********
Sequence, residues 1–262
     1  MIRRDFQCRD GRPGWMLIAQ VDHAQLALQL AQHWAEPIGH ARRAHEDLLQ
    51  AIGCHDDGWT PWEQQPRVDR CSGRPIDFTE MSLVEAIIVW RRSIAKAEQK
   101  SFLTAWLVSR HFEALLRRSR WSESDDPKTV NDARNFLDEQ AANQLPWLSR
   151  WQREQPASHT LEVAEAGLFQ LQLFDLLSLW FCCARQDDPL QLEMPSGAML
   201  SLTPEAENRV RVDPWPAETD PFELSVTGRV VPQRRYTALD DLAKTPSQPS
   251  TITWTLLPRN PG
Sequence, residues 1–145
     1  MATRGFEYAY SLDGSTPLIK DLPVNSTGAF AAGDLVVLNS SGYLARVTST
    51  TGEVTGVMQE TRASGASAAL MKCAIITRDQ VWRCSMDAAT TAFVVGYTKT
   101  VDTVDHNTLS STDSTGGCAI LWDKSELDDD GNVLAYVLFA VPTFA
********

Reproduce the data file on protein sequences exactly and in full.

Sequence, residues 1–262
     1  MIRRDFQCRD GRPGWMLIAQ VDHAQLALQL AQHWAEPIGH ARRAHEDLLQ
    51  AIGCHDDGWT PWEQQPRVDR CSGRPIDFTE MSLVEAIIVW RRSIAKAEQK
   101  SFLTAWLVSR HFEALLRRSR WSESDDPKTV NDARNFLDEQ AANQLPWLSR
   151  WQREQPASHT LEVAEAGLFQ LQLFDLLSLW FCCARQDDPL QLEMPSGAML
   201  SLTPEAENRV RVDPWPAETD PFELSVTGRV VPQRRYTALD DLAKTPSQPS
   251  TITWTLLPRN PG
Sequence, residues 1–145
     1  MATRGFEYAY SLDGSTPLIK DLPVNSTGAF AAGDLVVLNS SGYLARVTST
    51  TGEVTGVMQE TRASGASAAL MKCAIITRDQ VWRCSMDAAT TAFVVGYTKT
   101  VDTVDHNTLS STDSTGGCAI LWDKSELDDD GNVLAYVLFA VPTFA